I used to be one of those people that would constantly complain about reading, saying things like “I hate reading.” “I can’t stand reading.” On the other hand, writing was something that I loved. It wasn’t until I had a moment of realization that I questioned my “hate” for literature. I was tapping on my computer’s keyboard, as something hit me. My fingers hovered over the keys as a question made its way into my mind. “How can you love to write, but hate reading?” I think what scared me at that moment was the constant wonder of “How can I ever improve my writing if I don’t enjoy reading?” These thoughts made me stop typing overall as I sat on my little desk in my room and had no real answer to that former question. That’s when I realized that I had never given reading a fair chance. “Of course I have,” I told myself and then started listing all the books I had read during my life, which were deduced to be a bunch of classics or mandatory readings at school, that of course I ended up not being fond of. It wasn’t until I picked up the novel Love in the Time of Cholera by Gabriel García Márquez at Barnes and Noble that I fell in love with reading. This is a love story set in the 20th century that deals with love and its many phases throughout the years. The novel introduces the character of Florentino Ariza who at a young age professes his love to Fermina Daza, but due to prejudices and many obstacles are separated by distance and time. When Fermina’s husband dies, Florentino attends the funeral with a sole purpose. After 50 years, nine months, and four days of confessing his love to Fermina, he is ready to do it again. While reading Márquez’s eloquent and beautiful written words a sense of calm and peace settled in my life as I started to incorporate this incredible love story as a daily routine. His words inspired my style of writing and gave me a push to continue to my next book. Maybe finishing that first book was more of a personal challenge than the mere act of reading to enjoy it. However, the feeling of accomplishment I felt after I flipped the last page and closed the book was what propelled me to grab my next read. Soon enough, reading became a daily habit and a way to forget about the stress and things that bothered me during the day.
Because reading benefits our brain by stimulating it, which results in the reduction of stress, if you find yourself feeling overwhelmed or anxious because of certain classes, instead of grabbing your phone and checking social media consider grabbing a book and reading for a few minutes. According to the author Debbie Hampton in her article published for The Best Brain Possible, she wrote that in a 2009 study, reading reduced stress levels by as much as 68 percent, which was more than listening to music, having a cup of tea, playing video games, or going for a walk. Also, reading does not only reduce stress by relaxing our mind but also our physical body. An article published by the website Self Development Secrets stated that a study done by the University of Sussex discovered that reading was found to slow down the heart rate and even relax muscles. These physical reactions make reading similar to meditation, which is well known to reduce stress.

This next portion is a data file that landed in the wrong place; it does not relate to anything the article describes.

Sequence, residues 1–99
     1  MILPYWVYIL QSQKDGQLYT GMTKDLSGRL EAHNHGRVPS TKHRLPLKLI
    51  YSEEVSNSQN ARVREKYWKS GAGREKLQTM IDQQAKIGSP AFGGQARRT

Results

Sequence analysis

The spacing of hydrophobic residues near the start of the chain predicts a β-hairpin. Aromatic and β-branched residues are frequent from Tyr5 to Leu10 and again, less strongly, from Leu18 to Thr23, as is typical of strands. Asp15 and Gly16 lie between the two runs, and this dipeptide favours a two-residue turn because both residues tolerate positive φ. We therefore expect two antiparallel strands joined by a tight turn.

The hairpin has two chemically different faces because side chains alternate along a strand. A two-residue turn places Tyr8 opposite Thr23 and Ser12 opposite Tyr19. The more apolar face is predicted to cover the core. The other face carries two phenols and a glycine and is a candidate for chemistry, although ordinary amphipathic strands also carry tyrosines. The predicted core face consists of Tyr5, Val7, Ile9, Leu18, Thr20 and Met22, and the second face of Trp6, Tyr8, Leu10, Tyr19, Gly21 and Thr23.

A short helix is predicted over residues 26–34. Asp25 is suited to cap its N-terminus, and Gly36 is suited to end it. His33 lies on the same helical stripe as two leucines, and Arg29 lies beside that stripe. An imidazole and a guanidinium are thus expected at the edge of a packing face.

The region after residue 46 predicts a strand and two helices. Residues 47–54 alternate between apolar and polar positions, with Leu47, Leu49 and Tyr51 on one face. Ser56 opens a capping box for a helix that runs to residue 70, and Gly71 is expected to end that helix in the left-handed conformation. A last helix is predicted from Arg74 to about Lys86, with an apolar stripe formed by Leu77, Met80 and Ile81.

Furthermore, incorporating reading into our daily lifestyle builds our vocabulary and expands it while enhancing our life and our career in a powerful way. However, sometimes when people think about reading they immediately think about the books they were forced to read in school, just like I did. They are transported back in time to those days when reading William Shakespeare and Charles Dickens was imposed on the student (trust me I didn’t enjoy them either). Because of this, many think of reading as a chore. However, the reality is that reading should feel like a fun activity. It is the time for your imagination to travel to other places and eras as you simply forget about life around you and instead, focus on the letters that are dragged together and put into sentences as your eyes roam the page.
Another amazing outcome, if we make reading a daily habit is that we will be strengthening our brain, which can result in helping us fight mental diseases such as Alzheimer’s. Dr. Alan Castel who published an article on the website Psychology Today wrote that there was a study done that proved that remaining an avid reader into old age reduces memory decline by more than 30%, compared to engaging in other forms of mental activity. Meaning those who read the most will have the fewest physical signs of dementia.
It is important to understand that when I say people should consider reading more because it has many benefits I mean it in a way that it is enjoyable while at the same time taking advantage of these perks. Therefore, people should read things that they enjoy and find entertaining. Whether that’s a book, a magazine, or even a newspaper, the important thing is to establish a daily routine so that these benefits can be effective. So, remember rather than spending hours on your cell phone checking social media, maybe grab a book and let the words do their magic. Who knows? Maybe you’ll fall in love as I did.